You Have to Kiss a Lot of Frogs by Laurie Graff

1807344When I was in my early 20s, I really loved the books from the Red Dress Ink imprint. I was new to chick lit as a genre and really, new to reading for pleasure that wasn’t Sweet Valley High. I made it my mission to try to read as many of the RDI books as I could. The imprint has long since closed, but I still like to pick up any RDI books I find at used bookstores and the local library book sale.

I initially liked this book because its protagonist was over 40, which is VERY rare in early 2000s chick lit. She’s an actress, sure, but she’s not a 28-year-old bemoaning how she’ll always be alone. However, most of the book is told in flashbacks (to the 1990s!) about her various shitty dates and boyfriends and reading about bad dates from 20 years ago isn’t as cute as it would have been when the book was published in 2003. It was far longer than it needed to be the ending was not at all earned, IMO.

But first book of 2019 FINALLY finished. Moving on to some inspiration women’s memoirs in March since it IS Women’s History Month.

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The Last Year of Being Single by Sarah Tucker

1280582Spoilers abound in this review, so scroll past if you don’t want to know what happens (though I would not recommend to anyone to read this book!).

First of all, the title is a total misnomer because Ms. Sarah Giles (yes, that’s right, the author named the main character after herself!) starts the book single (though coupled) and ends the book single (uncoupled).

Secondly, it seems like Ms. Tucker saw Bridget Jones’s Diary, perhaps on a airplane, where they take all the good bits out, and thought, “I could do that.” The diary format would be a nice change of pace of things weren’t totally incomprehensible a lot of the time. Our heroine switches between first person and third person when talking about an event, quite interchangeably. Also, the inclusion of text messages may have seemed novel then (2002), but now it’s just trite and does little to move the story along.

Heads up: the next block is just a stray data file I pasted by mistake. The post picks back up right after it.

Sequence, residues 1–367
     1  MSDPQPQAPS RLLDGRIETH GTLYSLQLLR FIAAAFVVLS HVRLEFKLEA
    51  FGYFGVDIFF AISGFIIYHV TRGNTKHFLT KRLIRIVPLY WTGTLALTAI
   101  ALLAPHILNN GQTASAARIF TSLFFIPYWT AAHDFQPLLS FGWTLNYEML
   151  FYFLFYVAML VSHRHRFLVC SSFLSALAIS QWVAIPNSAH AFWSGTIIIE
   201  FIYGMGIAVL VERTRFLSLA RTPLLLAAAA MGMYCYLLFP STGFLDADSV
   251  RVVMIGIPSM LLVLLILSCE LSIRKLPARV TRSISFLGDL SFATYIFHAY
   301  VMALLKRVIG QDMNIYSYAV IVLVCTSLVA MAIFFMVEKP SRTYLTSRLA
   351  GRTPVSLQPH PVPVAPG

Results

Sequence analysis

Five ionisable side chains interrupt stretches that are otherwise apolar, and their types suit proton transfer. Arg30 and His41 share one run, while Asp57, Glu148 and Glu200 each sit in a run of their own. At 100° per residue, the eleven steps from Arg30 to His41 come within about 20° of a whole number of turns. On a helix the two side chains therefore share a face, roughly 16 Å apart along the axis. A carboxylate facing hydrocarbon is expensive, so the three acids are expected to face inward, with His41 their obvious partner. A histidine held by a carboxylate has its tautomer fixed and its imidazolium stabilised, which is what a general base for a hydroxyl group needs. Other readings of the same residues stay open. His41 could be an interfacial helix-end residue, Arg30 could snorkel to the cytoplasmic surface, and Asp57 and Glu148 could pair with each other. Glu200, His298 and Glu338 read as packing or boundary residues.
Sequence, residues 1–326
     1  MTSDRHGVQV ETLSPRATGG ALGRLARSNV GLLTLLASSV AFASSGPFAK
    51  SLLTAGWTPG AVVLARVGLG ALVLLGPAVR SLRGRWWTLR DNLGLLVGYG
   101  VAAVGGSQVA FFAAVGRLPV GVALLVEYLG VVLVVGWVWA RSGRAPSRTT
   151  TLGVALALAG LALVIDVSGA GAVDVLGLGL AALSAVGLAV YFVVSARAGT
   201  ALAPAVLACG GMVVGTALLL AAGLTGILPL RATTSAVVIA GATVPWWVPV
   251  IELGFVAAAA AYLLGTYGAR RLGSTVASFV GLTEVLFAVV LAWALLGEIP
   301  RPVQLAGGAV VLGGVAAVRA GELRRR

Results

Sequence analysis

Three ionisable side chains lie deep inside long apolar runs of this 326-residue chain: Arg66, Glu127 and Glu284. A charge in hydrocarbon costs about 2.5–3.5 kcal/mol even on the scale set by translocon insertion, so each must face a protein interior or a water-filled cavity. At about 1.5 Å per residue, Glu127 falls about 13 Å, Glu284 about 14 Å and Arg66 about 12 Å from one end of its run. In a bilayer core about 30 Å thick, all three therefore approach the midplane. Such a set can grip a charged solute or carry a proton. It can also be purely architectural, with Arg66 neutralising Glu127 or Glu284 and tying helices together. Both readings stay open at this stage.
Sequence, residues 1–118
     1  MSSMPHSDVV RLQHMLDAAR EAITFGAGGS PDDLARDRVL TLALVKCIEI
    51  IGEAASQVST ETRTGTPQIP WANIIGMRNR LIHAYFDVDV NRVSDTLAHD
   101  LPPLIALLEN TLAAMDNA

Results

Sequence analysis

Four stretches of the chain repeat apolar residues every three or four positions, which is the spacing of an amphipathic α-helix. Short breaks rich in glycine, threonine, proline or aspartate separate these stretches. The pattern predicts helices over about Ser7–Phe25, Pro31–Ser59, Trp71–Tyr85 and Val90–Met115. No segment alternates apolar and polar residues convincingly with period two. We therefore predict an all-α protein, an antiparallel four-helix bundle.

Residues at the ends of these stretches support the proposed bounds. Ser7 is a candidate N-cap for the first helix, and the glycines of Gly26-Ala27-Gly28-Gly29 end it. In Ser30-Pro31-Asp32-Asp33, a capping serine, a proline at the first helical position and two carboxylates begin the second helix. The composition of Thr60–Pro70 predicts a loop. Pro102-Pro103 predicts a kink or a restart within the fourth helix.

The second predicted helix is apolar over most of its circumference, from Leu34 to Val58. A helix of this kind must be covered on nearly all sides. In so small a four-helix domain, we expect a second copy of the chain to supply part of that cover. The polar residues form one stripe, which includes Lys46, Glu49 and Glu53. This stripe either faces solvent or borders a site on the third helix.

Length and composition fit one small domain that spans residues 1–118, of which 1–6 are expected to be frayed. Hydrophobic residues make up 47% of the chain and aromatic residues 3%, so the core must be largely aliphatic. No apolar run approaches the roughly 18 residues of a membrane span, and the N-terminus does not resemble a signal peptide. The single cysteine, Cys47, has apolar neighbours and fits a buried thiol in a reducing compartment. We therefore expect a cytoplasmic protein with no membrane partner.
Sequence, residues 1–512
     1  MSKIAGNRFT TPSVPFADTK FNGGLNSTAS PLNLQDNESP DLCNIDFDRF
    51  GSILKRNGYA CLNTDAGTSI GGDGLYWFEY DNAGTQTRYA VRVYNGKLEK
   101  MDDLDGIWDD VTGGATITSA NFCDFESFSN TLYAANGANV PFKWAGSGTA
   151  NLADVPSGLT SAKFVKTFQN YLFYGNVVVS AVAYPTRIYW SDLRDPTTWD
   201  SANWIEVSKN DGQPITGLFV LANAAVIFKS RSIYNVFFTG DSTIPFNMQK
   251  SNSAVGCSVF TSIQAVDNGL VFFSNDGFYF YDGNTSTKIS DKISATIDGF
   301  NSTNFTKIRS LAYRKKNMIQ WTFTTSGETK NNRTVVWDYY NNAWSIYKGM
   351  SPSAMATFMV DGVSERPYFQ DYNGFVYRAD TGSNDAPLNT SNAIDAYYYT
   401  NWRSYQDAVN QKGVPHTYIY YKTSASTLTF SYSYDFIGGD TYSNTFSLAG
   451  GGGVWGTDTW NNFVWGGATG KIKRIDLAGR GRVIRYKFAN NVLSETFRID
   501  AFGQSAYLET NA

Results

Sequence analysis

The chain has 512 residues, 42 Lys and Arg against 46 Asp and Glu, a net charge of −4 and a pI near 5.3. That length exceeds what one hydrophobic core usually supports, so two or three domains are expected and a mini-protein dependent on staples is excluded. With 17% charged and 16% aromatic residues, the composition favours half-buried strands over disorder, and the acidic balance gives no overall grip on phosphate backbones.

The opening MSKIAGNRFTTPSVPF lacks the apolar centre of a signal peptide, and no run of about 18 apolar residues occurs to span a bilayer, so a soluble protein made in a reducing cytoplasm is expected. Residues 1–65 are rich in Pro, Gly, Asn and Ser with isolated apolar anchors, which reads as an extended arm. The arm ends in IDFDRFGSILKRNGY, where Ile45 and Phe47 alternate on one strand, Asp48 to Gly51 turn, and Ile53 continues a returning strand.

But really, my main problem with the book is that everyone sucks. The main character is terrible. She doesn’t seem to like her boyfriend of five years, except when she spends pages talking about how much she loves him and they are soul mates. Even though she hates his friends, the way he’s controlling, the fact that he won’t have sex with her since she got an abortion during the first month of them dating, etc. She starts having an affair with another guy who is also controlling and sorta creepy and lies to him too. She’s SO confused ALL of the time and doesn’t know WHAT to do. Ugh.

I spent most of the book screaming at her to just dump Paul and leave John and get her damn life together. I skimmed the last third of the book, in the hopes that she was not actually the horrid human being she was for the first two-thirds of the book, but no, even after she is told on multiple occasions by multiple people that she really doesn’t want to get married, she still dons the dress and walks down the aisle. On the next to last page, she actually says no and I think we’re supposed to be happy for her. I was just happy the book was over.

Jack With a Twist: Engaging Your Adversary and Other Things They Don’t Teach You in Law School by Brenda Janowitz

2841966I spent a lot of time angry at all the characters in the book as I read. First, I was pissed that our heroine wasn’t taking her case seriously and/or was whining she was actually having to do her job instead of planning her wedding. But then she was doing her job and everyone else is giving her shit about it. And every time I was finally get back on Team Brooke, she’d do something else ridiculous (like hiring her wedding videographer to stalk her fiance to make sure he wasn’t cheating on her with his new junior associate) and I’d want to shake her.